Program support assistants can perform a wide range of duties depending on the employer, industry and level of the job. As a result, the specific requirements for someone looking to become a program support assistant vary significantly from position to position. Obtaining a formal education is almost always helpful and may, in some instances, be required. Experience in your chosen industry and in basic administrative functions is also beneficial, as are any certifications available in your field. You also will need to find and apply for positions, submit your resume and participate in interviews.
In order to become a program support assistant in your chosen field, you will need to develop a solid understanding of the industry's standard requirements. For example, this type of support position for a government or military program might require security clearances. Likewise, you may need specific certifications or licenses to become a program support assistant in a tax office, healthcare research establishment or legal firm. Universities and colleges likely will require at least a four-year degree as well. It is a wise idea to thoroughly research the industry you are interested in to find out what requirements you can expect.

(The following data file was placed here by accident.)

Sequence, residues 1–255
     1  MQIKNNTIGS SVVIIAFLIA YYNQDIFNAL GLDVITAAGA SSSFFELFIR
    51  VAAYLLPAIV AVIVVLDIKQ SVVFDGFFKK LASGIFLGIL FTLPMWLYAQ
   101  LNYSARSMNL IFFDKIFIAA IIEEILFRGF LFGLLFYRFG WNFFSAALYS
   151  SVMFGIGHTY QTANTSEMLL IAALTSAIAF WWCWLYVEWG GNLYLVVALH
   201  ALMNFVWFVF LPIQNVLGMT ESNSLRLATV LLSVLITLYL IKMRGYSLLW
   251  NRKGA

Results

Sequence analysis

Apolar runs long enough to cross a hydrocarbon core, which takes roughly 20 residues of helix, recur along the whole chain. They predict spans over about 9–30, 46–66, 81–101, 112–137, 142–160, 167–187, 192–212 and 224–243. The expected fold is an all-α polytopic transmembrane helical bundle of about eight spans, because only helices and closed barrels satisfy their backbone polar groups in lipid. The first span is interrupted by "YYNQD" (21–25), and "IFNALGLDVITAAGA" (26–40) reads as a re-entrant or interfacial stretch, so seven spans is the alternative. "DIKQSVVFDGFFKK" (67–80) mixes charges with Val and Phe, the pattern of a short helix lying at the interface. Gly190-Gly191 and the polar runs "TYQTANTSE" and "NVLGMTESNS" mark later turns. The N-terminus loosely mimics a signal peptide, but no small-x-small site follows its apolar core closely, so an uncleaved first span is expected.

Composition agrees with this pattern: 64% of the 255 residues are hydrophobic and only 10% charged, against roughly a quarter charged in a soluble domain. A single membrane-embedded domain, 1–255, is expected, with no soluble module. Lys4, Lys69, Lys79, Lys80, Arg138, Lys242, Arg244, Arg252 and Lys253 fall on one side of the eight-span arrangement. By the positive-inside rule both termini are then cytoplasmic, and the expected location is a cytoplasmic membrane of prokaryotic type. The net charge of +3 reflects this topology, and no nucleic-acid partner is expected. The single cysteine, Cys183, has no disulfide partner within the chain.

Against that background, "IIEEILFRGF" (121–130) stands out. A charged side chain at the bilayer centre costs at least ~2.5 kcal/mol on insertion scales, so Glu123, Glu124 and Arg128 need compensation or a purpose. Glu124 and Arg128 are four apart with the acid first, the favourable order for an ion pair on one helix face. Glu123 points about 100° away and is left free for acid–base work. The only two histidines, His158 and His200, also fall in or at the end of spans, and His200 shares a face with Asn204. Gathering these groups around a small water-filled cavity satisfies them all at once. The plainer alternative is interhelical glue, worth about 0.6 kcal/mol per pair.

With the exception of research-related companies, these types of positions are primarily administrative in nature. Even if the employer does not typically require a formal education, many prefer candidates who have earned a certificate, diploma or degree. You might, therefore, choose to attend a college, technical school or formal career training program. You could earn a certificate or diploma in administrative assisting or in another area related to your industry. You might alternatively earn a two-year or four-year degree in a relevant subject or in one that holds your interest.
Experience can be important if you want to become a program support assistant, particularly if you do not have educational qualifications. For this type of position, employers will often exchange education for experience on a year-for-year basis. Experience may be specific to your industry, and in some niche industries appropriate experience will be mandatory. Often, however, any general administrative experience, including work as a secretary, accounting clerk or administrative assistant, will suffice.
You can find open positions by searching job boards and company websites. You will need to create a professional resume and cover letter that clearly demonstrate your abilities and achievements. If you are uncomfortable writing these documents yourself, professional services are available. You then will need to apply for positions and go through one or more interviews. In some specific instances — most commonly in government, military, financial and healthcare environments — you may need to pass a criminal background investigation and/or a credit check to be hired.